Benefits and Challenges of Exploratory Testing in Agile

Years ago, software development was once a fragmented experience. Developers created a program then passed it along to testers for evaluation before releasing the finished product to consumers.

Since the agile school of thought took the software development world by storm, however, more businesses have amended their practices to place more focus on a fluid production cycle, encouraging co-operation between individual members and teams as well as quickly accounting for emerging market and customer demands.

As noted by Michael Kelly from TechTarget, developers needed a new testing model in order to facilitate this revolutionary approach to development.

This led exploratory testing to pick up in rapid development pace agile environments. In this article, we are looking at benefits and challenges of exploratory testing in such agile software projects.

Benefits and Challenges of Exploratory Testing in Agile

Benefits and Challenges of Exploratory Testing

In an agile environment, teams require up-to-date information and insight. These resources can’t be utilized if developers are sitting around waiting for testers to pass along the results from their latest analysis.

Although exploratory testing has its roots in earlier models such as ad hoc testing, the modern iteration of exploratory testing is much more sophisticated and deliberate.

Satisfice founder and StickyMinds contributor James Bach explained that even though this process, that doesn’t mean quality assurance teams get to kick back and relax while developers toil away. They need to be running constant tests to quickly spot any flaws with in-development code and pass that information along as soon as possible.

“Unlike traditional test methods where the process might be phased, exploratory testing is more of a real-time process,” Kelly wrote.

“Instead of test design and execution being separated by iteration or team, with each test executed, the tester learns more about the product and uses that information to design the next best test to be executed.

It’s a process that allows the tester to respond to each test in a way that should maximize focus on the most relevant risks in getting the most out of exploratory testing.”

Bach noted that sometimes the lines between exploratory, scripted and ad hoc testing can blur as testers dip their toe a little into each during the evaluation process.

For instance, Bach recommended that QA management teams continually record any ideas for future tests that might occur to them.

This practice might feel similar to scripted testing, but it’s meant to be more of a loose guide than the hard and fast parameters dictated by test scripts.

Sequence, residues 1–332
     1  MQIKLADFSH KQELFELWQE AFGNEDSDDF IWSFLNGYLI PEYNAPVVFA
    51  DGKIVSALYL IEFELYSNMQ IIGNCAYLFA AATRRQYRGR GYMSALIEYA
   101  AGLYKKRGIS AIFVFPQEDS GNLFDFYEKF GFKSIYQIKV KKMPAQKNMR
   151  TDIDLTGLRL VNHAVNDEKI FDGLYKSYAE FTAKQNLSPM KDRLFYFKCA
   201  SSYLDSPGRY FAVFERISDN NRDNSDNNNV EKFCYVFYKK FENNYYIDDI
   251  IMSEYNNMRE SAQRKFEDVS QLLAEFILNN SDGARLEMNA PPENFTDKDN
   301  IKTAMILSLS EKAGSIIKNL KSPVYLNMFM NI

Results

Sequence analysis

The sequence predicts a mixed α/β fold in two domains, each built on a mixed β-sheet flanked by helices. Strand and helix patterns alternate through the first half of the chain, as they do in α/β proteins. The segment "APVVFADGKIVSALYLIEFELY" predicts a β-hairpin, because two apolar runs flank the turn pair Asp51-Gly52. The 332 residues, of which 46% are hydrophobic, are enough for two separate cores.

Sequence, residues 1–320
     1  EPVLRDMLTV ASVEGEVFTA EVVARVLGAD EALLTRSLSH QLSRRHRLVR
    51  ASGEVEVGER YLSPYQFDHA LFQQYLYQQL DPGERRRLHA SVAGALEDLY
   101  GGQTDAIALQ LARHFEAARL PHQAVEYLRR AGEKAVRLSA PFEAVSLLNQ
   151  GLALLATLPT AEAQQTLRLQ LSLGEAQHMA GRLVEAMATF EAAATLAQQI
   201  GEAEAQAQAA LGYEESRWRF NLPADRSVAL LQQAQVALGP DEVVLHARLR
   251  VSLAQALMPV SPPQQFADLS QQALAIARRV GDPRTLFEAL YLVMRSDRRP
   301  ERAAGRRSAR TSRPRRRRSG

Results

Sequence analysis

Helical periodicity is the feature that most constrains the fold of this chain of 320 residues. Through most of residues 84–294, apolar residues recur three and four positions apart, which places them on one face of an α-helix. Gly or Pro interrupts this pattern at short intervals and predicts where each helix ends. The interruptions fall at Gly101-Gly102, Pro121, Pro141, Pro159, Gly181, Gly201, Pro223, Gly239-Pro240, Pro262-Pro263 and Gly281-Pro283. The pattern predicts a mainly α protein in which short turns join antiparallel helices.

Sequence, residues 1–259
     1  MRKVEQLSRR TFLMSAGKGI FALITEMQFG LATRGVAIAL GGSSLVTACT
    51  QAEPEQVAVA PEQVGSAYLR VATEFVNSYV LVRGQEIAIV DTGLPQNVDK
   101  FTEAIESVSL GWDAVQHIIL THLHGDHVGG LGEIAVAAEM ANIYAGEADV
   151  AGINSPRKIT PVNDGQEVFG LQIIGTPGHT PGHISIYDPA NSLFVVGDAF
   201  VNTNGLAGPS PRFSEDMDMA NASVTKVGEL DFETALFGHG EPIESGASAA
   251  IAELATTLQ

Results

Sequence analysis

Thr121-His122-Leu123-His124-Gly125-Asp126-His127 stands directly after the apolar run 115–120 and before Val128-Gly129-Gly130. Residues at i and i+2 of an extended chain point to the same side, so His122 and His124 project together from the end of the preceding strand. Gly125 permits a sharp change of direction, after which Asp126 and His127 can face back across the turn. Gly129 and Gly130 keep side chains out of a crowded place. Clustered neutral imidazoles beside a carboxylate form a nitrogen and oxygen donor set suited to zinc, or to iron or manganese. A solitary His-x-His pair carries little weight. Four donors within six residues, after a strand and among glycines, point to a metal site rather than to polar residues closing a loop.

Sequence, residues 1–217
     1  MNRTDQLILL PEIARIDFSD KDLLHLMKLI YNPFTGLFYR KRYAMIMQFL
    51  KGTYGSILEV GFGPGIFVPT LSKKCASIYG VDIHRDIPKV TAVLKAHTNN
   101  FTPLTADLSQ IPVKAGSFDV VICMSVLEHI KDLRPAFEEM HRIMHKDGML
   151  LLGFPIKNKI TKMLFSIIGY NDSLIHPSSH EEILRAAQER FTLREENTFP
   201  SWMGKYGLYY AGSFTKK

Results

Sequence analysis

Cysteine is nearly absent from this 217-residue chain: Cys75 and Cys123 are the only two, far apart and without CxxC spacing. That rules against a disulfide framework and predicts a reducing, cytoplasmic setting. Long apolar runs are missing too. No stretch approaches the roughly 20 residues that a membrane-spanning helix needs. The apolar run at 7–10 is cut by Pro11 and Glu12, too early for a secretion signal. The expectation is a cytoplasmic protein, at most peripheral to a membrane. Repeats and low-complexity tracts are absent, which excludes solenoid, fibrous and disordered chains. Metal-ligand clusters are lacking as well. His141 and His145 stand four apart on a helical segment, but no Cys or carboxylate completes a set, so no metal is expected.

The latter, Bach noted, is useful when testers know what software is coming down the pipeline, but in an agile work environment, they can’t even be sure what changes will be made in the immediate future.

Optimising exploratory testing efforts comes down to effective QA management. Bach suggested that there are essentially two ways QA leaders can approach this through delegation or participation.

If a test lead decides to pass the buck with different testing responsibilities, he or she must be sure to meet with individuals on a regular basis to get updates on their progress.

Many organizations have found that the easiest and most productive way to delegate duties is to assign a specific task or component to each team member. This approach places an enormous amount of responsibility on individual testers, and the most critical jobs should be given to the most reliable employees, as they will be largely working without any oversight (or safety net).

Conversely, by taking the participation approach, test leads are opting to roll up their sleeves and get down in the trenches of exploratory testing. This method is more in the spirit of agile development process, as managers are on hand to receive real-time updates and actively engage with team members.

Bach cautioned, however, that the participation approach is not ideal for QA management officials with a large number of extraneous duties. If they are expected to attend regular meetings with executives and other team leaders, they will have little time to take a hands-on approach to the testing process.

QA officials should take whichever approach best fits their managerial style and their work schedules. By properly integrating exploratory testing, evaluation teams can provide real-time updates to their agile development counterparts.

Image Credit: [James Theophany]

Editor’s note: This is a guest post by Sanjay Zalavadia, VP of Client Service at Zephyr. If you would like to contribute to the testing community, you can send your guest posts here.

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Sanjay Zalavadia

As the VP of Client Service for Zephyr, Sanjay brings over 15 years of leadership experience in IT and Technical Support Services. Throughout his career, Sanjay has successfully established and grown premier IT and Support Services teams across multiple geographies for both large and small companies.

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